Um, this is hard. I tend to sort of disregard good feedback and focus on where I need to make improvements. I think the highest compliment is having people ask if I wrote something or copied it down from somewhere else. Recently someone said “I fucking love your writing jesus” and that was pretty great; I think anytime someone swears it means they actually mean it (which is why @theoctopusofevilhabits is one of the best people I know).

Usually plot. I tend to have plots long before I have the characters to fill them, though occasionally I’ll get one character and the plot at the same time. The project that’s proved most frustrating to me actually started with the characters first, which may be why I’ve fumbled it so royally.

My least favorite part of making characters is having to shoehorn them into plots; I despise two-dimensional characters, but having them move in ways I want them to move can sometimes be frustrating. My favorite part is probably deciding their back stories and occupations and—because I am a horrible person—how they die. I usually understand how a character dies before I start piecing together how they lived.


My favorite part of plotting is when major narrative arcs come together; when the pieces all fall into place and there’s a sense that the story really means something. I hate literally everything else about plotting. I despise layout mechanics and often find the process of getting from point A to point B extremely bothersome.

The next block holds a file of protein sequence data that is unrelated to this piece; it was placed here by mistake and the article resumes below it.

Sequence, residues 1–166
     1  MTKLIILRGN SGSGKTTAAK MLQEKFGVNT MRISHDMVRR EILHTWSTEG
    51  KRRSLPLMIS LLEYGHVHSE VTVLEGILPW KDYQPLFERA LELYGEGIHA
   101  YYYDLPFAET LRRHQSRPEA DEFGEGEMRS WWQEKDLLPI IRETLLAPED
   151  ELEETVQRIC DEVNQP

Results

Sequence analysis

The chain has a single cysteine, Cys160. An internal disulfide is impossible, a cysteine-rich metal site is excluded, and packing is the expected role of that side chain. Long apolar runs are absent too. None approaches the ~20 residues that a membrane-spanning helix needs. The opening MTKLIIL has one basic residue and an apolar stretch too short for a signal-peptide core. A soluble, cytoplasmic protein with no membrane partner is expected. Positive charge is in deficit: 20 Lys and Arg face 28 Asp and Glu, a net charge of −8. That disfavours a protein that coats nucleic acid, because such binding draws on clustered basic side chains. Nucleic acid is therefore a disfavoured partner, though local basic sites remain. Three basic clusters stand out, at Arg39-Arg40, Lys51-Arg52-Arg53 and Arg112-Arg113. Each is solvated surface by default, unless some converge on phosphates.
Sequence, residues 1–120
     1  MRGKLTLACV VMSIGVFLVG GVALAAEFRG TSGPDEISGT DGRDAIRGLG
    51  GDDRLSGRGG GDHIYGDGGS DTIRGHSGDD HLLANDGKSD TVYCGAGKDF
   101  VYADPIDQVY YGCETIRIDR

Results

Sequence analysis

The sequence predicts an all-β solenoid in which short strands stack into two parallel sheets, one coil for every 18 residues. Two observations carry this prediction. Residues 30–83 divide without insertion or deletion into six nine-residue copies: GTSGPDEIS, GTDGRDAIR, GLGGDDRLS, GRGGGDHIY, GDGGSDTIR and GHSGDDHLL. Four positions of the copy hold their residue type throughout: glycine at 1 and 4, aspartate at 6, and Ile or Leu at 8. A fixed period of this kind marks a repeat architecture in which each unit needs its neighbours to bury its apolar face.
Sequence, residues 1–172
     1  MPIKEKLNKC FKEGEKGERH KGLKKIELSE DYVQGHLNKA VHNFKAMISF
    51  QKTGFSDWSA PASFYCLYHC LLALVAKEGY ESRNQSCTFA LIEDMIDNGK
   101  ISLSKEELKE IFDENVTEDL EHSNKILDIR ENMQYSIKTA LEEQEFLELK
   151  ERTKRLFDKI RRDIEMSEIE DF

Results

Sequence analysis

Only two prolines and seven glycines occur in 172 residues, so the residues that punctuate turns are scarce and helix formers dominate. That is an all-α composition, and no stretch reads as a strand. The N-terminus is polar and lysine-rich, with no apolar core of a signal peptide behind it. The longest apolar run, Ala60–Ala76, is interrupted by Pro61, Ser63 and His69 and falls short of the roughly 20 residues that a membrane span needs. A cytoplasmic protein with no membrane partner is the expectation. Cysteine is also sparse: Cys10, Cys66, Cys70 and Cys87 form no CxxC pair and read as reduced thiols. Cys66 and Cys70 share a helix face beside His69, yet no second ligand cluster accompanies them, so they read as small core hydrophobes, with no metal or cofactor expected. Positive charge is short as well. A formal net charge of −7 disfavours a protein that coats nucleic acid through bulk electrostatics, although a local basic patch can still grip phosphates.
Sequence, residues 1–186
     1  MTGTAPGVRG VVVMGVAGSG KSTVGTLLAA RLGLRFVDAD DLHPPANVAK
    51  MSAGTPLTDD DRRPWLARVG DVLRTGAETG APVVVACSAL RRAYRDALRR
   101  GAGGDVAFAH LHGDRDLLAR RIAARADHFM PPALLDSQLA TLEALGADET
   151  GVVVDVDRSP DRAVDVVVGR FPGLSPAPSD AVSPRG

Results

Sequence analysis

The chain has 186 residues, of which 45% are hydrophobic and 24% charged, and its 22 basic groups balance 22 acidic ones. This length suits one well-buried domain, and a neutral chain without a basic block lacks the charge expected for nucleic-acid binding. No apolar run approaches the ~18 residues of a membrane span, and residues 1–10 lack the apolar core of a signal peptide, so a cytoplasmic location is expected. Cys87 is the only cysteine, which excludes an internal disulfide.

Beginning. I usually write backwards or starting in the middle. I struggle so much with starting a plot and establishing basics that sometimes I just give up and never manage it.

This is hard; despite my earlier claim that I like to work collaboratively when drafting projects, I don’t like the idea of deliberately partnering up and sharing the workload of building stories and worlds. verkiezen and I have tried it a few times and it’s always been a gross failure, and I think part of it is that I carry a pretty hefty amount of inadequacy and really struggle to work with others without feeling really inferior, haha.


✍ Finally, an ask-meme for writers! ✍

  • 01: When did you first start writing?
  • 02: What was your favorite book growing up?
  • 03: Are you an avid reader?
  • 04: Have you ever thrown a book across the room?
  • 05: Did you take writing courses in school/college?
  • 06: Have you read any writing-advice books?
  • 07: Have you ever been part of a critique group?
  • 08: What’s the best piece of feedback you’ve ever gotten?
  • 09: What’s the worst piece of feedback you’ve ever gotten?
  • 10: What’s your biggest writer pet-peeve?
  • 11: What’s your favorite book cover?